Federal Identity Theft Rules; FTC To Begin Enforcement on August 1, 2009
Under the Red Flags Rules, covered entities (including non-profit organizations) must implement a Red Flags Compliance Program.
On January 1, 2008, the Federal Trade Commission and five other governmental agencies jointly issued the Identity Theft Red Flags and Address Discrepancy Rules (the “Rules”). Under the Rules, financial institutions and creditors that maintain certain kinds of “covered accounts” must develop and implement a written program to detect and respond to possible incidents of identity theft.
Concerned that many entities are not aware that they must comply with the Rules, the FTC announced that it will delay enforcement of the Red Flags portion of the Rules to give the entities under its jurisdiction more time to comply. The original November 1, 2008 deadline for compliance has been moved back to August 1, 2009. The revised compliance deadline does not extend to all covered entities – financial institutions are currently required to have a Compliance Program.
Although the Rules appear to focus primarily on the financial sector, they actually affect a much broader group of businesses and organizations. In an Enforcement Policy Statement, the FTC noted that “any person that provides a product or service for which the consumer pays after delivery is a creditor” and is subject to the Rules. For example, FTC staff attorneys have told several different groups – including the American Medical Association, the American Hospital Association and the American Bar Association – that physicians, hospitals, and other health care providers are “creditors” under the Red Flag Rules if they do not require full payment at the time their services are rendered.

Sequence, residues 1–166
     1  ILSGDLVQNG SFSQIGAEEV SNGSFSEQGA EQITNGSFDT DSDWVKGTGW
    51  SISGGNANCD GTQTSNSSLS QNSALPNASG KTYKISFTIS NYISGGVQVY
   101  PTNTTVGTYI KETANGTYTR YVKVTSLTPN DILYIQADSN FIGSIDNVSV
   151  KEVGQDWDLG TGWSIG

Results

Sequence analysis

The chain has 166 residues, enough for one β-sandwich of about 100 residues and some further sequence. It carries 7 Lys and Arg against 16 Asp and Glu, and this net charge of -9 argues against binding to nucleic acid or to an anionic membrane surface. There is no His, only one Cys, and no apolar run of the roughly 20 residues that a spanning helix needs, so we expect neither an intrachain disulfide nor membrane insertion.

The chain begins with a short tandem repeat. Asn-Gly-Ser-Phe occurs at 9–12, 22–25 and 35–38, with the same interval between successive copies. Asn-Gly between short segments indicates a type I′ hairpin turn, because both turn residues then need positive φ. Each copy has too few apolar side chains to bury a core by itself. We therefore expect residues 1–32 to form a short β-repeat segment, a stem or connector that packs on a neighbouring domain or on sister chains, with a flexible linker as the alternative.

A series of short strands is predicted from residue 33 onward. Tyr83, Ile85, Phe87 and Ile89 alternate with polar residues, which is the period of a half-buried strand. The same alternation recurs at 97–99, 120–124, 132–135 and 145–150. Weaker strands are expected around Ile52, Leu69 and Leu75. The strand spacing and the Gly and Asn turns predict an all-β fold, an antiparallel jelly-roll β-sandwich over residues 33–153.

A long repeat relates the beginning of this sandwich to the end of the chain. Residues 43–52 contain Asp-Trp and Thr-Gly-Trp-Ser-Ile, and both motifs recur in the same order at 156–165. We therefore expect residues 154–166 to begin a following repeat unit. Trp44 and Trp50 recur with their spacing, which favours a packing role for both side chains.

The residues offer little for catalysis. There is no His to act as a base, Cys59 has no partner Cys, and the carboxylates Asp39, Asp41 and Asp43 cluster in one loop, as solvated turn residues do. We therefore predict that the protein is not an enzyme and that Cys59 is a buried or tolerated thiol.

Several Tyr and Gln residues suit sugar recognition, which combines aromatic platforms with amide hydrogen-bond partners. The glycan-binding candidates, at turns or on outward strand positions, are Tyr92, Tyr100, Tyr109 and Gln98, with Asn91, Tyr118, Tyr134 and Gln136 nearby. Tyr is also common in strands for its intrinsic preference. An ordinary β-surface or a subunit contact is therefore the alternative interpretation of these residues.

Creditors With “Covered Accounts” Must Implement a Red Flags Program
If an entity qualifies as a “creditor,” it must determine whether it maintains “covered accounts” for its customers. Under the Rules, a covered account is one that is (i) offered or maintained “primarily for personal, family, or household purposes, that … permit[s] multiple payments or transactions,” or (ii) any other account offered or maintained by an entity where there is a reasonable risk of identity theft.
Any creditor that maintains “covered accounts” must implement a Red Flags Compliance Program before August 1, 2009.
FTC Twice Delays Enforcement to Give Entities More Time to Implement a Program
On October 22, 2008, the FTC announced that it would suspend enforcement of the Red Flags Rules for six months. “Given the confusion and uncertainty within major industries under the FTC’s jurisdiction about the applicability of the rule, and the fact that there is no longer sufficient time for members of those industries to develop their programs and meet the November 1 compliance date, the Commission believes that immediate enforcement of the rule … would be neither equitable for the covered entities nor beneficial to the public,” the FTC stated in its announcement. “Delaying Commission enforcement … will allow these entities to take the appropriate care and consideration in developing and implementing their programs.”